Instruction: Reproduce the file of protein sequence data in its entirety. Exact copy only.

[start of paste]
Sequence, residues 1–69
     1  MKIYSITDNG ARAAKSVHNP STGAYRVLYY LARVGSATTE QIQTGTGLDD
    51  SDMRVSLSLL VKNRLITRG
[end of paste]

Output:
Sequence, residues 1–69
     1  MKIYSITDNG ARAAKSVHNP STGAYRVLYY LARVGSATTE QIQTGTGLDD
    51  SDMRVSLSLL VKNRLITRG